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Global Health, History, HIV/AIDS, Infectious Disease

A doctor’s dilemma: to help or hold back from treating dangerous infections

If, like me, you’ve wondered why a doctor or nurse would decide to volunteer to help patients with often fatal infectious diseases like Ebola, The New York Times Magazine ran an essay today by Stanford physician and author Abraham Verghese, MD, MACP, in which he addresses, among other issues, the tension for clinicians between self-preservation and the impulse to help.

We doctors feel the pull. But each of us has reasons to stay back, reasons that get bigger as we age

He begins with his time treating patients in a hospital in India, detailing his encounters with tuberculosis, malaria, and filariasis among other diseases, but his description of his fear of and his reflections of his encounter with his first rabies patient is poignant:

I felt terribly sorry for this man who was old enough to be my father. Squatting by his mat, I was ashamed of my earlier fear and hesitation. I was glad to spend some time with him. By the next morning he was comatose and convulsing. By nightfall, he’d transcended the mortal world.

He  goes on to discuss his work with HIV patients in the 1980s, and the fear that surrounded the disease at the time. Many physicians donned full protective gear, even though researchers had determined, even in the early days of the epidemic, that the disease wasn’t spread via casual contact. Verghese connects these fears to current fears about Ebola, but doesn’t blame physicians who are cautious. He also documents his own impulses:

I have the urge to sign up, to head to Liberia or Sierra Leone; the call for doctors seems personally addressed to me. When I tell my mother, who is in her 90s, that I am thinking of volunteering in West Africa, she clutches my hand and says: “Oh, no, no, no. Don’t go!” I’m secretly pleased.

….

We doctors feel the pull. But each of us has reasons to stay back, reasons that get bigger as we age: children, partners, parents, grants.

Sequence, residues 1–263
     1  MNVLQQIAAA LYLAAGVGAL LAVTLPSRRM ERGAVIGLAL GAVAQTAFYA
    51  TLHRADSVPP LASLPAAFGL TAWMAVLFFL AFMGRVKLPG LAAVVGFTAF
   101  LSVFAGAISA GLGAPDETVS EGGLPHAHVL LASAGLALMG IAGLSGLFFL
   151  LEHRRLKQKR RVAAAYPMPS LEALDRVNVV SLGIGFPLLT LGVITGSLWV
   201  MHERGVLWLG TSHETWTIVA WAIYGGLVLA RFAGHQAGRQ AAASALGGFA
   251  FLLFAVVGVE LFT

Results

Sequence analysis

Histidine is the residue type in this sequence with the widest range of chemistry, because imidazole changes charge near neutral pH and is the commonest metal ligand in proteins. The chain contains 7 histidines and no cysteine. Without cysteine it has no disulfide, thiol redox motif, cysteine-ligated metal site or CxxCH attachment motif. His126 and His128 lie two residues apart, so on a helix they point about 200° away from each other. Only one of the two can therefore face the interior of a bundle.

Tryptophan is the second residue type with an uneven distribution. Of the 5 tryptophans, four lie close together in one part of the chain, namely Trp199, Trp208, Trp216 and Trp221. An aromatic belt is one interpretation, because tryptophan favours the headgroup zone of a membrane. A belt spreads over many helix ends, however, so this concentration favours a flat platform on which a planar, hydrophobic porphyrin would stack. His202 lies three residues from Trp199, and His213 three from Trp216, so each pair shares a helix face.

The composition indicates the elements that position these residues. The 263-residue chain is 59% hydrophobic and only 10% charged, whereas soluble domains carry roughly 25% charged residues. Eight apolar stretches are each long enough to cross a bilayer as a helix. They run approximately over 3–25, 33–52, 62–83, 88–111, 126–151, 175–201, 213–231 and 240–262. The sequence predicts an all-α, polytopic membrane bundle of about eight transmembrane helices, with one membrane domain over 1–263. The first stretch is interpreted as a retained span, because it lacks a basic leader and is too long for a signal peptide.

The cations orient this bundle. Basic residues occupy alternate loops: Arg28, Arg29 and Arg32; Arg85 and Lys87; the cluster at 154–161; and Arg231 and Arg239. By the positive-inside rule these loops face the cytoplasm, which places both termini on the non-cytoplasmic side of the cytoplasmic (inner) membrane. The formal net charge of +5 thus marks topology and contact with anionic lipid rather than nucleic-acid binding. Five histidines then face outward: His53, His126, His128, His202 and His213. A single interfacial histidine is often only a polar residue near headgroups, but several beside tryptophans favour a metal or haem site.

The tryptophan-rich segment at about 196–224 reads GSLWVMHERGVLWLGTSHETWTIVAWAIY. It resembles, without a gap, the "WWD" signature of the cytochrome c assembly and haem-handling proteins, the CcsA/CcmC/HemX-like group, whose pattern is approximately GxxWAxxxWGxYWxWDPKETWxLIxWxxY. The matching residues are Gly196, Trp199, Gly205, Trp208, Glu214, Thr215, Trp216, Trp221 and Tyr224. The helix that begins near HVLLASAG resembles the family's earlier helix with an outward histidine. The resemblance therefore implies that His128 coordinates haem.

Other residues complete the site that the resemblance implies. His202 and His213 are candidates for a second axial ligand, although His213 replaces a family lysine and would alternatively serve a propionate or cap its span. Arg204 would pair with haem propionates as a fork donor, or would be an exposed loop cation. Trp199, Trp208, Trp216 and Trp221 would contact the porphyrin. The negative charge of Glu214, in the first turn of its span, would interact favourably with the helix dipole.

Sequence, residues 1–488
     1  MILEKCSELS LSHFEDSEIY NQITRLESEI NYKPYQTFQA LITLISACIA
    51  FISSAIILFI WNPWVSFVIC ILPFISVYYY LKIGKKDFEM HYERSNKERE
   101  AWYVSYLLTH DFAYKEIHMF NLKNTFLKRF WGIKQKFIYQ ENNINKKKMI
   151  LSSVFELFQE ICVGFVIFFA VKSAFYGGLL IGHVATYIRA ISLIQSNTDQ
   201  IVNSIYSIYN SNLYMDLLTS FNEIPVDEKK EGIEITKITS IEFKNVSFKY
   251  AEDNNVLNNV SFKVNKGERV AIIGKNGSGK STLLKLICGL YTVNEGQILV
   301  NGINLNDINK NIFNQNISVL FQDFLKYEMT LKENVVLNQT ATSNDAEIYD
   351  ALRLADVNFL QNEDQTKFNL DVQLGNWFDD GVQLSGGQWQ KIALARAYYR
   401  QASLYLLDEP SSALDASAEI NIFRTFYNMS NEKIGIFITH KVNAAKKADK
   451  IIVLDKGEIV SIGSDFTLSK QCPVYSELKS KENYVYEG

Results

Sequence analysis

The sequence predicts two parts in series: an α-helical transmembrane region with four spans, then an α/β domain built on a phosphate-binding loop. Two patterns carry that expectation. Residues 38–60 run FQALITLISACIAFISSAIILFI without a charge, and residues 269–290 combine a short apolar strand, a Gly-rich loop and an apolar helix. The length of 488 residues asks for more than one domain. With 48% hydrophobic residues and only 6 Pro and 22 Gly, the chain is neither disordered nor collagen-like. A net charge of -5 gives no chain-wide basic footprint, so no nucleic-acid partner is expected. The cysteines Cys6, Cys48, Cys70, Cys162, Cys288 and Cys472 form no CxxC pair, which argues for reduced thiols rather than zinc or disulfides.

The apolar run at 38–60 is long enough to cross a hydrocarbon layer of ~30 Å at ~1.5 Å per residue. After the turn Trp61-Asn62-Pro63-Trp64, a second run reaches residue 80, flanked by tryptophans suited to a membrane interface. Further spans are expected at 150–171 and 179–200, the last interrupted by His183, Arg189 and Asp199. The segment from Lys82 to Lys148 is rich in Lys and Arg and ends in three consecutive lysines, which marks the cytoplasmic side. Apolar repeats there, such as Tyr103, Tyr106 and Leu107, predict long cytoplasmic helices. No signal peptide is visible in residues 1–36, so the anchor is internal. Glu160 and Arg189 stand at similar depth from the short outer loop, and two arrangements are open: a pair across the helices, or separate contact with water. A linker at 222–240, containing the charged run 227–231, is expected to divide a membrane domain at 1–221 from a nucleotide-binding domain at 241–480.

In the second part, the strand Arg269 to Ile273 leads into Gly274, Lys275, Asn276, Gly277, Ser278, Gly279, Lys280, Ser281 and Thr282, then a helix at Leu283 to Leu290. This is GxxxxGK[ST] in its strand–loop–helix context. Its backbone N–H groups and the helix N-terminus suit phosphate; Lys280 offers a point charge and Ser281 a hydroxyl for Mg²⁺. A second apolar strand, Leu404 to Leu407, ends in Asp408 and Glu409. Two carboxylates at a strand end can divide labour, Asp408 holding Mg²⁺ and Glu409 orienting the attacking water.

Verghese captures the conundrum facing doctors and nurses who want to help, but who are – for a  variety of reasons – pulled away.

Previously: Ebola: This outbreak is differentStanford physician shares his story of treating Ebola patients in Liberia and Dr. Paul Farmer: We should be saving Ebola patients

Health Costs, Health Policy, Patient Care, Stanford News

A call for medical malpractice reform

Golden Lady Justice, Bruges, BelgiumA new report in the Journal of the American Medical Association offers a look at the current decline in medical malpractice suits and makes some predictions about their future. The authors include two Stanford faculty, Michelle Mello, JD, PhD, and David Studdert, LLB, ScD, who both have joint appointments at the School of Medicine and the School of Law.

Using national databases, the researchers found that the paid claims against doctors decreased between 2002 and 2013. Rates decreased by an average of 6.3 percent for medical doctors (MDs) and 5.3 percent for doctors of osteopathy (DOs). The amount of an average paid claim peaked in 2007 at $218,400, but had gone down a bit as of 2013. A post on the Stanford Law School’s blog explains why this may be a good time for policy-makers to consider reforms in the medical liability system:

“After years of turbulence, the medical liability environment has calmed,” said Mello. “Although many aspects of the malpractice system are dysfunctional, causing angst for physicians, the cost of malpractice claims and insurance have been stable for the last few years and the number of claims has been declining.”

She added, “Usually, attention is only focused on reform during ‘malpractice crises,’ but highly charged political environments are not conducive to cool-headed policy decisions. This current period of calm is a good time to be thinking about reforms that could improve our medical liability system.”

In their piece, the authors describe seven different novel approaches to medical malpractice reform, including one that encourages medical institutions and providers to communicate with complaining patients and find resolutions that might include payouts to patients before they file suit.

The paper also includes some predictions about the trends that will be important for medical liability policy in the coming decade. The authors assert that traditional tort reforms “will never deliver,” but the previously mentioned communication-and-resolution programs are likely to expand, as will “safe harbor” laws that protect clinicians and their institutions if they can show they are following a prescribed course of clinical treatment. Other trends include the increasing consolidation of health care within hospitals and large health systems. These large entities are likely to use their growing size to influence the liability system.

More ominously, authors note that liability insurance crises have happened in regular cycles since the system was expanded in the 1960s, and warn that another is imminent. They conclude their report by saying:

Action now to reduce the amplitude of the next medical liability cycle is both prudent and feasible. Further testing of nontraditional reforms, followed by wider implementation of those that work, holds the most promise. Prospects for permanent improvement in the medical liability climate depend on it.

Photo by Emmanuel Hybrechts